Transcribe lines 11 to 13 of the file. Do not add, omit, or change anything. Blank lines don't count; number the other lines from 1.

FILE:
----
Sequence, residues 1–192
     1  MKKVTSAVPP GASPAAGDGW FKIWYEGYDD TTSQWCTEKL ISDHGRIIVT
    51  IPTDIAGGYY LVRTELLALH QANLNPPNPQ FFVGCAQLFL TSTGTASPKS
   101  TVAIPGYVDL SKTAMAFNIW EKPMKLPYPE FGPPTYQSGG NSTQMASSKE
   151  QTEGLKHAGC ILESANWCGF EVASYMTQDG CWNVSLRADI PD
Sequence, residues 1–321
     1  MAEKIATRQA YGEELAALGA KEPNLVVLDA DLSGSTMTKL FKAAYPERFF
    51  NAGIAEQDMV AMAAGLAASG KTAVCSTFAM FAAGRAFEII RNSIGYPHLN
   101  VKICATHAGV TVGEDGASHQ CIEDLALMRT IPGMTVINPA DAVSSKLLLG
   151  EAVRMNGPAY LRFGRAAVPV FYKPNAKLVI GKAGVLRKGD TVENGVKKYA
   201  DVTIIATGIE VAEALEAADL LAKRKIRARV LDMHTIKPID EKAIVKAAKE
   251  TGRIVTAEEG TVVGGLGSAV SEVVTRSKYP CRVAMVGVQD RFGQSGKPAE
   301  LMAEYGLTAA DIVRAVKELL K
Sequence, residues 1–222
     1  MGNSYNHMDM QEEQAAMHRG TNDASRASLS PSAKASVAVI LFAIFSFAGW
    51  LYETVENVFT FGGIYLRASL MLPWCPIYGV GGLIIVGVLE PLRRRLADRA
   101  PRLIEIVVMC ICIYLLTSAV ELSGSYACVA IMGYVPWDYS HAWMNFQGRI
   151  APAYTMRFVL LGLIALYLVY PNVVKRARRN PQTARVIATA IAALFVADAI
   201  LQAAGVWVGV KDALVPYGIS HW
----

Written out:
   201  DVTIIATGIE VAEALEAADL LAKRKIRARV LDMHTIKPID EKAIVKAAKE
   251  TGRIVTAEEG TVVGGLGSAV SEVVTRSKYP CRVAMVGVQD RFGQSGKPAE
   301  LMAEYGLTAA DIVRAVKELL K